In Moscow, the Russian Foreign Ministry issued what has now become a familiar denial of all allegations. Ministry spokeswoman Maria Zakharova called the latest charges against Russia "big fantasies." And at United Nations headquarters in New York, Russia's deputy ambassador Dmitry Polyanskiy ridiculed Britain over the allegations, calling them "Russiaphobic."  His tweet did not address the specific allegations against Russia's military intelligence agency.

  
British Ambassador to the Netherlands Peter Wilson said the plot against the OPCW showed "complete disregard" by Russia for the agency's mission to investigate illegal chemical weapons attacks around the world. He noted that the plot was disrupted in April as the OPCW worked to confirm Britain's allegations that GRU agents attempted to murder Russian ex-double agent Sergei Skripal in England, and to confirm an alleged chemical attack by Syria's Russian-backed military in Douma, Syria.

"The disruption of this attempted attack on the OPCW was down to the expertise and the professionalism of the Dutch security services in partnership with the United Kingdom," Wilson said. "The OPCW is a respected international organization which is working to rid the world of chemical weapons. Hostile action against it demonstrates complete disregard for this vital mission."

Dutch Defense Minister Ank Bijleveld-Schouten said the Russian intelligence officers had also targeted the Netherlands-based investigation into the downing of Malaysian Airlines Flight 17 over Ukraine.

"We have been aware of the interest of Russian intelligence services in this investigation and have taken appropriate measures." she said. "We remain very alert about this."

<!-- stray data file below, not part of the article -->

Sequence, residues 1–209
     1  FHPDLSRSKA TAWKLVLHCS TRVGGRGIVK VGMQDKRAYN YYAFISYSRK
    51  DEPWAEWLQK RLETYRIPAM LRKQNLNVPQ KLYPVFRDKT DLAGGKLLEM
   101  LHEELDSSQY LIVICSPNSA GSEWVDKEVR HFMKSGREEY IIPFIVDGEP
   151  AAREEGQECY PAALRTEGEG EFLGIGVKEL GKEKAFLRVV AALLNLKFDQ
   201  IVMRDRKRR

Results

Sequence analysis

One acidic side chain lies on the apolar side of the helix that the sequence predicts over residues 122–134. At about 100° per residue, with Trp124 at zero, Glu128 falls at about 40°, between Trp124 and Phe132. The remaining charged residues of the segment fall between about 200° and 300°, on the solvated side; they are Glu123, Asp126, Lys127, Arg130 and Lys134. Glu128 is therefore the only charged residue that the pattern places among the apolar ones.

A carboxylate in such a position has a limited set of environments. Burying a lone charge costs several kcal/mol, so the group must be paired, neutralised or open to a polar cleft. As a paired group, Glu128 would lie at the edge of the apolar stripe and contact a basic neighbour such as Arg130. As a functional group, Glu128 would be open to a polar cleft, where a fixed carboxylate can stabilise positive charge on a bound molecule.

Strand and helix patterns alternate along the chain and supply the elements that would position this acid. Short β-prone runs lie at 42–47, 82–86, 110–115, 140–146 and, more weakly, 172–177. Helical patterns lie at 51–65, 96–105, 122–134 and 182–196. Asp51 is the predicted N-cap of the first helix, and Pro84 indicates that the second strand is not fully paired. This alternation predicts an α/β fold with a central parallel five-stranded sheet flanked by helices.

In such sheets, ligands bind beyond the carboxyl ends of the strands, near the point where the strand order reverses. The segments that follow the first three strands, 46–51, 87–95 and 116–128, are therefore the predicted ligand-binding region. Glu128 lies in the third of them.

Bijleveld-Schouten said the Russian Ambassador to the Netherlands was summoned on Thursday to the Dutch Ministry of Foreign Affairs to be reprimanded for Moscow's "unacceptable" behavior.  

Ambassador Wilson said the plot in The Hague was not an isolated incident, accusing the same Russian military intelligence unit behind the thwarted plot of sending operatives around the world to carryout other, "brazen, close-access cyber operations."

Britain and the Netherlands would be "stepping up our combined activity against" the GRU, Wilson said. "We will shine a light on their activities. We will expose their methods, and we will share this with our allies." 

He said increased sanctions against Russia would be sought in retaliation for Moscow's "malign activity."

British Prime Minister Theresa May and her Dutch counterpart Mark Rutte released a joint statement vowing to "defend international institutions from those that seek do to them harm," and condemning the Russian military for its "disregard for the global values and rules that keep us all safe."

In London, British Foreign Secretary Jeremy Hunt called the Russian military's plot against the OPCW "part of a sustained pattern of hostile cyberspace activity," and vowed that Moscow would face "consequences."

  • Tucker Reals

    Tucker Reals is the CBSNews.com foreign editor, based at the CBS News London bureau.